1) Oates’ best season in the NHL came with the Bruins in 1992-93, when he scored a career high 142 points (45 goals, 97 assists). With Cam Neely still suffering from his devastating knee injury, Oates, along with Joe Juneau and Ray Bourque, carried the Bruins to a first seed in the Eastern Conference. However, the Bruins would eventually get swept by the Sabres in the first round of the playoffs despite Oates’ team-leading nine assists in four games.
|Zdeno Chara proves why he’s the ‘toughest guy in the [NHL], bar none’||03.28.12 at 9:55 am ET|
Bruins captain Zdeno Chara is notoriously humble and soft spoken about his own accomplishments.
That’s why it’s often a good idea to listen to his teammates and coach when trying to gauge what impact he’s had on the Bruins, even a teammate like Brian Rolston who hasn’t shared a dressing room with him for that long.
Asked what he’s learned about Chara since coming back to Boston in a deadline trade with the Islanders, Rolston was honest enough.
“Probably nothing,” Rolston said. “He’s so hard to play against; he’s a tremendous leader. Obviously he does that by example, but he’s the toughest guy to play against in the league – bar none. If you were to pull the forwards on every team they would say the same thing and coming in on a nightly basis knowing that you have to face him – it’s a tough task.”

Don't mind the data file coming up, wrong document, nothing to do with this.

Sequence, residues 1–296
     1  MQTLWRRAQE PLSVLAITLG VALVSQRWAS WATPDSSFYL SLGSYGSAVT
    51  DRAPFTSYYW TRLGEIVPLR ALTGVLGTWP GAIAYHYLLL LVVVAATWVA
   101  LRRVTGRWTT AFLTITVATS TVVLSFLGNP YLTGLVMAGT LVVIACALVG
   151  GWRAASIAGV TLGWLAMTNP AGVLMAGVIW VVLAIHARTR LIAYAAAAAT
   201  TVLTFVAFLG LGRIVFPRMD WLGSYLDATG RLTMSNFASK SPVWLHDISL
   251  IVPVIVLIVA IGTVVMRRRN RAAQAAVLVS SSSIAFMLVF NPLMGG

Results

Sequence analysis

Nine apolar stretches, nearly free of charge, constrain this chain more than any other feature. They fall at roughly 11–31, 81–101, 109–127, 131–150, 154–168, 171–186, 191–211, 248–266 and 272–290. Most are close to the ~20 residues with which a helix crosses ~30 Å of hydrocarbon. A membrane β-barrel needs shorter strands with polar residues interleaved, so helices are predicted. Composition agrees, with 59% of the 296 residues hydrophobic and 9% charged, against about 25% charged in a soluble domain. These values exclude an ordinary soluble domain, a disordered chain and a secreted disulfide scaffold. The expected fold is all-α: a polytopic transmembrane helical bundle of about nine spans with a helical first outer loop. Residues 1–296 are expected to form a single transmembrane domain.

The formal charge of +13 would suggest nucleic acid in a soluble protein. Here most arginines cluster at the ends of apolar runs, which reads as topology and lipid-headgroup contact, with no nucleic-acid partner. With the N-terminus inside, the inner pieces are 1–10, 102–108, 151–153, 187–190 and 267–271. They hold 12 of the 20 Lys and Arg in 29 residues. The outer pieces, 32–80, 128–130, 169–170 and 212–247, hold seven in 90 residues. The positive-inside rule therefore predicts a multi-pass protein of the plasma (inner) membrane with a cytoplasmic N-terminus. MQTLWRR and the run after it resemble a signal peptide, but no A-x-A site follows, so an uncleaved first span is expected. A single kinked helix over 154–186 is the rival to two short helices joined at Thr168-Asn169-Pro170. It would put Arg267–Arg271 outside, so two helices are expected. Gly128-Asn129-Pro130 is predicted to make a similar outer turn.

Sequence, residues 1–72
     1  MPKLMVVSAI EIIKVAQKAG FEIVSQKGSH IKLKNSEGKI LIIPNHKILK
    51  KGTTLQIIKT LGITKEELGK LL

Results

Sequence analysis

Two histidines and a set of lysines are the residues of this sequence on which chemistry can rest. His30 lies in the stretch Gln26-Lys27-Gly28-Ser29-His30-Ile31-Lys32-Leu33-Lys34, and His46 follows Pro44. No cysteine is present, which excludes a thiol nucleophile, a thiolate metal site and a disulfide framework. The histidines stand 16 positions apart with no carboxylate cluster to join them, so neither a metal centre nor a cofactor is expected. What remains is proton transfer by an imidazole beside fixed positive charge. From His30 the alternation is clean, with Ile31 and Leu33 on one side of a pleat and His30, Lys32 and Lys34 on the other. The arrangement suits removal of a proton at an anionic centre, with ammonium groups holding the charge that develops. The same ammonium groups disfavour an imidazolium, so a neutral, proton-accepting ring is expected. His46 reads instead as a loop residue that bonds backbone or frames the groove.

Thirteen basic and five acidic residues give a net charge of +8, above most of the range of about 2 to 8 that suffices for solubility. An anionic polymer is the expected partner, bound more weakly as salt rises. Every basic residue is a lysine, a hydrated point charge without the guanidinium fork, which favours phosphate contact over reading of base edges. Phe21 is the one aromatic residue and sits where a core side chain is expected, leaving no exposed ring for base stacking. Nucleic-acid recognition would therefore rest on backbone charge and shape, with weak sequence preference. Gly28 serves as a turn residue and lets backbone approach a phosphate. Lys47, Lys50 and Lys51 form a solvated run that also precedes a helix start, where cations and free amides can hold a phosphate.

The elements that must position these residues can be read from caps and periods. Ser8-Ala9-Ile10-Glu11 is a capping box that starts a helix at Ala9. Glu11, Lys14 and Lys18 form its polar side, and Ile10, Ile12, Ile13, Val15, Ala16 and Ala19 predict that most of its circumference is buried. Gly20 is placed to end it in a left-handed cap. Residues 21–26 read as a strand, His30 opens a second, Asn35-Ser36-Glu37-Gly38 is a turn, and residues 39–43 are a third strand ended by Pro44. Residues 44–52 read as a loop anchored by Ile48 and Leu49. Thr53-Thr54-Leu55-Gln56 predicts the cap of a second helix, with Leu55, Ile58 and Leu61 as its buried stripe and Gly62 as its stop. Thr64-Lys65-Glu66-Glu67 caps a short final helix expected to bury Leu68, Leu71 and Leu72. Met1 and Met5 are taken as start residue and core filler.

Rolston set up the game-winner of Tuesday’s 5-2 triumph over Tampa Bay when he tried a wraparound midway through the third, only to have the puck flutter its way out to a wide open Benoit Pouliot. But the heroics of Rolston and Pouliot don’t happen without Chara, who has he did all night, brought the puck in deep into the offensive zone to apply more pressure on a team known for its stingy defense.
The secondary assist was Chara’s third of the night, a night on which Chara matched a career-high with three helpers and was honored before the game for becoming the latest and greatest member of the NHL’s 1000-game club.
“Yeah, those were big,” Rolston added. “Z had a great game, another great game for us. It’s huge, it’s huge – if you can get the defensemen helping out, and especially against on team like that that collapses down all the time. It’s difficult to get anything going down low so it’s great to have defensemen contributing offensively.”
That’s exactly what Chara did when he took the puck midway through the first at the Tampa Bay blue line and charged around the zone like Wayne Gretzky, eventually running at the net, creating a scoring chance for Shawn Thornton when Dwayne Roloson left a juicy rebound.
“Basically, I get a puck on the blueline, I was trying to ride the blueline and then just kind of opened up and I really decided to challenge that seam and once I got a little bit more room, I was kind of deciding between a shot and pass,” Chara explained. “But again, everything was happened and I decided to take it to the net and we’ve always been taught when you do those things, good things happen and they did. We scored on the rebound, and it ended up being a good play.” Read the rest of this entry »